The pulse jet bag filter in its most rudimentary form, consists of filtration elements encased in housing. Below this casing is a hopper with a discharge valve, to remove the dust that is collected on the bags. The entire unit is supported from the ground on structural legs. A caged ladder provides access to the top of the unit for maintenance.
BAG HOUSES / BAG FILTERS
Our product range today covers Pulse Jet Bag Filters and Reverse Air Bag Houses, both structurally supported by freestanding on-line and modular off-line type units, including insertable type units.
REGULAR HOPPER ENTRY
Dust laden air enters through the hopper by suction (normally on positive pressure). The heavier dust particles fall off at the entry itself, while the lighter dust gets carried upward to the bags. The dust gets deposited on the outer surface of the bags and clean air moves out from the center of the bags and escapes out from top air outlet. This is known as filtration.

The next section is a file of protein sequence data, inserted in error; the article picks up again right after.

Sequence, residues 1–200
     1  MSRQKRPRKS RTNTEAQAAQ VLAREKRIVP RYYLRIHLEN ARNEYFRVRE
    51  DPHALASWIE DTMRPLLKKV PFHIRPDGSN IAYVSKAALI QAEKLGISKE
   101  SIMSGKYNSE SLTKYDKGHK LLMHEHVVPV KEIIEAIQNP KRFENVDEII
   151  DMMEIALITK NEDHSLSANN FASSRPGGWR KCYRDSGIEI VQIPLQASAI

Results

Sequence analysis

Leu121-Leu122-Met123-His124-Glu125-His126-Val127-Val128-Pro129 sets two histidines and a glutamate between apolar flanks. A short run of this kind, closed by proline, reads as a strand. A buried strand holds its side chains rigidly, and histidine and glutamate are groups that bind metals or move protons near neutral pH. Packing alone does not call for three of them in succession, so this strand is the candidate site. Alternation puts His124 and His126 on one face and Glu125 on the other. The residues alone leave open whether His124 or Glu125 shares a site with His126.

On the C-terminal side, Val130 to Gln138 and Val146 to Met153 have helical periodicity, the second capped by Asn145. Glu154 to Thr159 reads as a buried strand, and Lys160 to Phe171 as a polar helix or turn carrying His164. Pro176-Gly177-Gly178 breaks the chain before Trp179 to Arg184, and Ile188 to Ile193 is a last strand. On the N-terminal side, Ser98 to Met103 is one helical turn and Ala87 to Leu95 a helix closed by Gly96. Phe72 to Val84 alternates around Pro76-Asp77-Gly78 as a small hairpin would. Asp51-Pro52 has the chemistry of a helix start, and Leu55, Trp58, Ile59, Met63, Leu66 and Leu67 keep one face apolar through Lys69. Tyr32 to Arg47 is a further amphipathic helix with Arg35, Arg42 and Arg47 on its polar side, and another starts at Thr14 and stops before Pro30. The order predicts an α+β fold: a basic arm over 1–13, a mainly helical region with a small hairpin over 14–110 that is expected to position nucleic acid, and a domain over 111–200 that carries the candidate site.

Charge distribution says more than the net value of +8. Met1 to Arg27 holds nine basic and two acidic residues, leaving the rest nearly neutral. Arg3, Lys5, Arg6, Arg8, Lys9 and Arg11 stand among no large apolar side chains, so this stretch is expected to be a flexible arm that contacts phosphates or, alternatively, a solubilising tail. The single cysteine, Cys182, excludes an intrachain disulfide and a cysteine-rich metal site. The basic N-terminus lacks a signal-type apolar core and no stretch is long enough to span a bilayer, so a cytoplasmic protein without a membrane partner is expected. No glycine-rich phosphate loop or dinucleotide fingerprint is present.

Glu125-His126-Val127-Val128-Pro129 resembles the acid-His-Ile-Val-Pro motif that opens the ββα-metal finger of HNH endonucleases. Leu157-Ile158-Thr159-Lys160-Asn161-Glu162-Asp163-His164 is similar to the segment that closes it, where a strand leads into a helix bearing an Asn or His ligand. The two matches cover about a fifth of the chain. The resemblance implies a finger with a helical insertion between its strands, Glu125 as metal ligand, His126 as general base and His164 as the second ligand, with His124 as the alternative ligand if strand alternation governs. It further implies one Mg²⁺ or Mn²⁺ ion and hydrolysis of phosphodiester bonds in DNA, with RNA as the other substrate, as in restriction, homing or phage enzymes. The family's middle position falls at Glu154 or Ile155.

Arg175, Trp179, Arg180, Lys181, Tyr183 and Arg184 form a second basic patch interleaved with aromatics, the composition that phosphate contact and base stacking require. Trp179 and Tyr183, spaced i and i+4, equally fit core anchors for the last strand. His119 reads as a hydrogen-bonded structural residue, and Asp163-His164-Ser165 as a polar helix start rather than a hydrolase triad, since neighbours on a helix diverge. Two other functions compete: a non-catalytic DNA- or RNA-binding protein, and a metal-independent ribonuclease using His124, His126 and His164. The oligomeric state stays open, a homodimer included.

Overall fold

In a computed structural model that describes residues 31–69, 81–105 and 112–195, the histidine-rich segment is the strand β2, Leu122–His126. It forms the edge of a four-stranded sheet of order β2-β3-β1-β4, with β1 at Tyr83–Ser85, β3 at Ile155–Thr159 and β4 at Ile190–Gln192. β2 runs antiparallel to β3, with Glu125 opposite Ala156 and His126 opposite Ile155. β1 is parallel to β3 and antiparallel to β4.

The dust collected on the outer surface of bag is removed in a pre-determined cycle by a momentary pulse of high-pressure compressed air. The compressed air moves from an air reservoir or compressed air header, via the particular pulse valve into the compartment manifold and thereon into the bags, in the row beneath it.
Due to the pressured entry of compressed air into the bags, the bags get inflated. Thus the dust is collected on the bag as flakes falls down. Soon the bag comes back to its original position and the cleaning process is completed.
Dust flakes fall from the sides of the hopper and slide into the rotary air lock valve. As the valve travels clockwise, the dust trapped in between the vanes gets discharged from the opening below.